The more I think about Pokemon Sun & Moon, the more I realize it might be my favorite generation. That’s a contentious statement I know, given how many people found their faults in it (which is the same with any given generation, especially X & Y as of late), but even playing through it three times now I’m still happy to see these characters.
I’m speaking of course of Ultra Moon, the semi-sequel/follow-up to the original pair of games that launched roughly a year ago.
Pokémon Ultra Moon (3DS)
Developer: Game Freak
Publisher: The Pokémon Company
Release: November 18, 2016
The best way to describe the Ultra games is “slightly different.” Ultra Moon is not a full-on sequel, but it’s not just a “re-release with a few extra Pokemon” either . You still wake up in your home where you live with your mom, and are greeted by Professor Kukui and his Rockruff. But instead of running straight into the fray with no Pokemon in hand and then eventually battling Hau, you’ll get your starter in the first few minutes — little things like that. Nebby is still going to get harassed on the bridge, your little crew will form, and the journey kicks off in relatively the same way it does in the pair of originals.
Really, what you’re getting campaign-wise is the similar “I wanna be the very best and help my friends” adventure with various cherries on top, and some interludes that funnel into the Ultra Space universe endgame — it’s a welcome divergence, as the OG pair didn’t really give us enough actual time in there (it kind of just brought the threat to Alola). Plus I actually dig Necrozma, the ultimate Legendary from the base game that returns as a mascot with several different forms, so I was curious to delve deeper into its origins, which influence the foundations of the Pokemon world itself much like Arceus in the fourth generation.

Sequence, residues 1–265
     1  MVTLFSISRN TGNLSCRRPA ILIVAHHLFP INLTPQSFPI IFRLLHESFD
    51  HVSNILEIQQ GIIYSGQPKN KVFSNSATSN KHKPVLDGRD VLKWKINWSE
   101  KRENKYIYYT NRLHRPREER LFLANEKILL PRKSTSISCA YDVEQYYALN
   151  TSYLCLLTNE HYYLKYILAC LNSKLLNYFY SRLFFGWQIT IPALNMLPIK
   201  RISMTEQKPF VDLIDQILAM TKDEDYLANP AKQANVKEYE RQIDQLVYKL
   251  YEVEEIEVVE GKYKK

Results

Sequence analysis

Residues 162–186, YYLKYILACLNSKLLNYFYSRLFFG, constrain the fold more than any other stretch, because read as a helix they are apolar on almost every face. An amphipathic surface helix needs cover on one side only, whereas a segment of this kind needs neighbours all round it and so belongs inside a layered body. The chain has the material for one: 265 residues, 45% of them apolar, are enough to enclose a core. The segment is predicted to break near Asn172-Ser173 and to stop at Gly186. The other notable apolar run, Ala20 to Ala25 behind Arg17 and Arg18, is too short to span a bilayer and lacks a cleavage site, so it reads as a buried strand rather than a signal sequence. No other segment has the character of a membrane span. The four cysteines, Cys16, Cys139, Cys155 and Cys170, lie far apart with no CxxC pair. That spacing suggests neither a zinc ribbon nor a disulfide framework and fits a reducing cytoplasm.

Keep in mind these new arcs don’t blossom until very late in the story, so don’t expect them to power you along if you didn’t like the trial/Kahuna framework in the original. While I won’t spoil much there is a fairly large emphasis on Ultra Space, complete with its own Gummi Ship-esque travel minigame. Game Freak does good work when it comes to easing you in, too, as the Ultra Recon Squad (read: wormhole experts) make an appearance early so you aren’t completely lost..
While there are a few big arcs and an expanded endgame, the way most of these work is through little side areas that didn’t exist before. A small beach, a cave you may not have noticed in the past, things like that. All of these new storylines will sort of build and build and then reach their payoff. Or, you might go for a bit of light surfing (which is its own Tony Hawk style minigame with tricks and a score meter) and a quick photo shoot for 15 minutes instead of leaving the first island directly after a trial. Or you might take a quick break to go sticker (collectible) hunting with Samson Oak.
Minor upgrades include new Z-Moves (which serve to provide a little more spice for individual Pokemon like Lycanroc, but aren’t a big add), several gimmicks like the “Roto Loto” (where you can sometimes spin your living Pokedex for ancillary items), and some new creatures, forms, legendaries, and Ultra Beasts. It’s…enough for you to go “oh, I don’t remember this happening” without feeling like a completely different generation.
Given that nearly everything else, from the UI to the general flow is the same, that cloying sense of nostalgia doesn’t necessarily work in its favor. Although I love that this cast is given so many chances to shine with more dialogue than nearly any other Pokemon game, the “stop and go” nature of the tutorials is just as grating in the Ultra series. I could really go for a “veteran” option where you could skip cutscenes or at least hurry things along, but given the slight differences in some scenes the development team probably opted to exclude it.
Game Freak also had the opportunity to spruce up some of the game’s duller moments, like several of the dud trials, and they didn’t. For those that never played Sun & Moon, trials are the stand-ins for “Gym Badge Challenges,” and vary immensely when it comes to design quality. A few are improved in the sense that they have newer Totem (boss) Pokemon that make more sense (and one has a neat little extra puzzle), but for the most part, the actual process of getting through the trials consists of walking from point A to point B.
I already got my fill of Pokemon Sun & Moon, as you can clearly see from my completed ‘dex, but that didn’t stop me from reliving it all over again with Ultra. Just keep in mind that if you’re hoping that the entire “leveling process” is going to be different this time, and that you’ll be entering a completely brave, new world — you’re going to be disappointed.
[This review is based on a retail build of the game provided by the publisher.]